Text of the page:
In November 2018, Commonwealth Bank of Australia (CBA) chair Catherine Livingstone was in the dock at the Hayne Royal Commission with Rowena Orr, QC who quizzed her about the keeping of CBA’s minutes. One of the issues raised during the banking Royal Commission was why the minutes of specific CBA and NAB board meetings did not contain records of discussion or questions raised by directors. This query was raised by the Royal Commission because a failure to comply with the requirements in relation to the keeping of minutes is an offence under section 251A of the Corporations Act 2001.

The Royal Commission indicated the possibility that if something isn’t included in the minutes, then whether it occurred at all can be questioned. That turns the approach to minutes, established by the James Hardie case, on its head. Minutes aren’t just evidence of what did happen but can also be evidence of what didn’t happen. When you are dealing with difficult matters, it should be demonstrated in the minutes that directors were not just passive participants. The court expects companies to show directors were thinking about the key issues and looking for ways to address them.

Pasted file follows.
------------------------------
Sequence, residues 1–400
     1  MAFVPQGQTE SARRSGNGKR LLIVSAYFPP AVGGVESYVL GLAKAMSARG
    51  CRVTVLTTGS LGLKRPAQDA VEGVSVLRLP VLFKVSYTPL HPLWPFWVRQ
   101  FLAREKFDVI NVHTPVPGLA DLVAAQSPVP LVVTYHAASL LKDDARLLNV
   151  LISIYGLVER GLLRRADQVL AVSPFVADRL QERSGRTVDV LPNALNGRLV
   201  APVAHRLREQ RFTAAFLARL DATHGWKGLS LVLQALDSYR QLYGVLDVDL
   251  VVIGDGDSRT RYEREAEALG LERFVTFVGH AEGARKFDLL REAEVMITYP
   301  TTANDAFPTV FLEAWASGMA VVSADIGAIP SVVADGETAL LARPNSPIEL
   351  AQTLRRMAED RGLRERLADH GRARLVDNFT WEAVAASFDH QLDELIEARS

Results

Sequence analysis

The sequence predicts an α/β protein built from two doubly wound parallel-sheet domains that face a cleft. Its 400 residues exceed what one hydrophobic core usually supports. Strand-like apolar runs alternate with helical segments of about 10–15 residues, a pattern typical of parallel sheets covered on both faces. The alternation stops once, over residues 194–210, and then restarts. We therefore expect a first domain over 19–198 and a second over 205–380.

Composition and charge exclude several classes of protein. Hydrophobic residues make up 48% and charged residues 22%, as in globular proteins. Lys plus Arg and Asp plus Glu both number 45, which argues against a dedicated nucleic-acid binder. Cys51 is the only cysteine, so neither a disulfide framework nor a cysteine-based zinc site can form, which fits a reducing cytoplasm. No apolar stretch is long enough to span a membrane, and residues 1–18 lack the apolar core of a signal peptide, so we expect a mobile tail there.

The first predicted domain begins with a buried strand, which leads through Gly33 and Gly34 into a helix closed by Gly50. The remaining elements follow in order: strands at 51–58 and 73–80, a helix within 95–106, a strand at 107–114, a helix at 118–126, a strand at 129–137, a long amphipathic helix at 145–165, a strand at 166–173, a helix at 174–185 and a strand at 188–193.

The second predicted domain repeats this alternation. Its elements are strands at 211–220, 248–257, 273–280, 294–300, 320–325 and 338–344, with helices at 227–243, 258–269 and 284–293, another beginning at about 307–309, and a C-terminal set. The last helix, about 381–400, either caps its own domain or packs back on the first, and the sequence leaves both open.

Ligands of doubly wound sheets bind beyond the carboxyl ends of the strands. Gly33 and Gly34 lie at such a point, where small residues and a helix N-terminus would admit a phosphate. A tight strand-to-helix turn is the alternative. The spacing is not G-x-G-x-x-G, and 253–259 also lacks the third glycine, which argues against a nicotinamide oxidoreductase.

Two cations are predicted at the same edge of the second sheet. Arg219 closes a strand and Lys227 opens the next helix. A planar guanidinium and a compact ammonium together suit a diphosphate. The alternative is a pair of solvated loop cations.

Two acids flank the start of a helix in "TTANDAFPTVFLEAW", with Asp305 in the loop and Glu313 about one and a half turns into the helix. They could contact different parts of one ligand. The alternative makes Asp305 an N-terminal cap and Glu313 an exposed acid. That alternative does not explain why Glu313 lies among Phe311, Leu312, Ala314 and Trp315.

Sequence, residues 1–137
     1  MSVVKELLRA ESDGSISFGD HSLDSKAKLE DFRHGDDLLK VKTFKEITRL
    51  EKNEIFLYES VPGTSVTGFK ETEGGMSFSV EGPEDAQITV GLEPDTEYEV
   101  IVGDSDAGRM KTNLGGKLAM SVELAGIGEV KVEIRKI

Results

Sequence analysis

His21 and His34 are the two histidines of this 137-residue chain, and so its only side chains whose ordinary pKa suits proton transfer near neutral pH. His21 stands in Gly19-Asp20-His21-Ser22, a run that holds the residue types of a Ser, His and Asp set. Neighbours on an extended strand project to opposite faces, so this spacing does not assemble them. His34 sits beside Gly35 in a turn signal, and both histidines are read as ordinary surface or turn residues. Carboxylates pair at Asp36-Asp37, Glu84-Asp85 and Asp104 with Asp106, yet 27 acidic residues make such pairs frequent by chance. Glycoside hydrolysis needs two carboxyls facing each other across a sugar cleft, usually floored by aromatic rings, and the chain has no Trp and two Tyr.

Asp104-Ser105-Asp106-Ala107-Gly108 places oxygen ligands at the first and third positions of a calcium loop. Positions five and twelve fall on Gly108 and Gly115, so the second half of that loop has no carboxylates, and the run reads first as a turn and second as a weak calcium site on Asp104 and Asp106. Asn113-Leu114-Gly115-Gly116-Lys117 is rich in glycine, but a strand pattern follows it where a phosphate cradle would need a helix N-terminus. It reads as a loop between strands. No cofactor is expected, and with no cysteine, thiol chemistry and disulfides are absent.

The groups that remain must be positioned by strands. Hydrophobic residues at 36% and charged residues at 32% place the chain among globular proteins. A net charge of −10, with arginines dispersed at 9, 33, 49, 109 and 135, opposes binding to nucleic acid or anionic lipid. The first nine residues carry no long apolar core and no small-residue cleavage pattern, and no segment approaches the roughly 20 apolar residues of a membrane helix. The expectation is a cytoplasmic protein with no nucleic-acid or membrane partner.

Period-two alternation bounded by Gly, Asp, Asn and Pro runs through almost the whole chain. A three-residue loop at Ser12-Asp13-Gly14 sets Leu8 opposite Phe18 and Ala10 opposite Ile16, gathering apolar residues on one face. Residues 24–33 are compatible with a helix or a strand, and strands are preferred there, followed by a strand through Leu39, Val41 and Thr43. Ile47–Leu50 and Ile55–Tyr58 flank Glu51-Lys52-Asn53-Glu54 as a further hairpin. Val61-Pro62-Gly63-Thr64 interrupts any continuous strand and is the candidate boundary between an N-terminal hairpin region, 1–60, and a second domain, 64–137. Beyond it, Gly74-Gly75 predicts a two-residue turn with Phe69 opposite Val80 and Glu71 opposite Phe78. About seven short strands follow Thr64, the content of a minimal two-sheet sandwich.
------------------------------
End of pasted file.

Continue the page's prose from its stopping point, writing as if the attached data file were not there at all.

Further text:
Every company secretary must manage a fine line between too much information and not enough. Minutes are not intended to be a transcript of what happened. It remains unhelpful to take a very fulsome view of minutes, but there has to be enough in there to record what was discussed and the issues that arose. It should be designed to jog the memory of those present and demonstrate that the board’s processes leading to its final actions met necessary standards of board performance. In other words, it is a record of the meeting, which is more meaningful than a list of resolutions and action items. An eloquent summary of the key themes discussed by the board offers more powerful insight than a blow-by-blow account of a lengthy discussion.


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